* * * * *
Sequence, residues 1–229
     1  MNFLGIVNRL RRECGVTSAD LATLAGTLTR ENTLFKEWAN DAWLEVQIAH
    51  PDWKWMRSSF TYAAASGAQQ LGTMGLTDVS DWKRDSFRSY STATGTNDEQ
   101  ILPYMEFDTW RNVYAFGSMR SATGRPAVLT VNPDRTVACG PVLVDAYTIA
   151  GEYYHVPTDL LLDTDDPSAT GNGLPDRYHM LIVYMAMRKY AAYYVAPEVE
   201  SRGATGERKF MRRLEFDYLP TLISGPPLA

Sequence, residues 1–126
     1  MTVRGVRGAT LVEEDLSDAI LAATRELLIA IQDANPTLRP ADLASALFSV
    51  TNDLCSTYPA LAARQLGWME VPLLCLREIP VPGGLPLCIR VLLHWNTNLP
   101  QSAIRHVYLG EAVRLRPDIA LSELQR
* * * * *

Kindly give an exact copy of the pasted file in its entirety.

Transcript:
Sequence, residues 1–229
     1  MNFLGIVNRL RRECGVTSAD LATLAGTLTR ENTLFKEWAN DAWLEVQIAH
    51  PDWKWMRSSF TYAAASGAQQ LGTMGLTDVS DWKRDSFRSY STATGTNDEQ
   101  ILPYMEFDTW RNVYAFGSMR SATGRPAVLT VNPDRTVACG PVLVDAYTIA
   151  GEYYHVPTDL LLDTDDPSAT GNGLPDRYHM LIVYMAMRKY AAYYVAPEVE
   201  SRGATGERKF MRRLEFDYLP TLISGPPLA

Sequence, residues 1–126
     1  MTVRGVRGAT LVEEDLSDAI LAATRELLIA IQDANPTLRP ADLASALFSV
    51  TNDLCSTYPA LAARQLGWME VPLLCLREIP VPGGLPLCIR VLLHWNTNLP
   101  QSAIRHVYLG EAVRLRPDIA LSELQR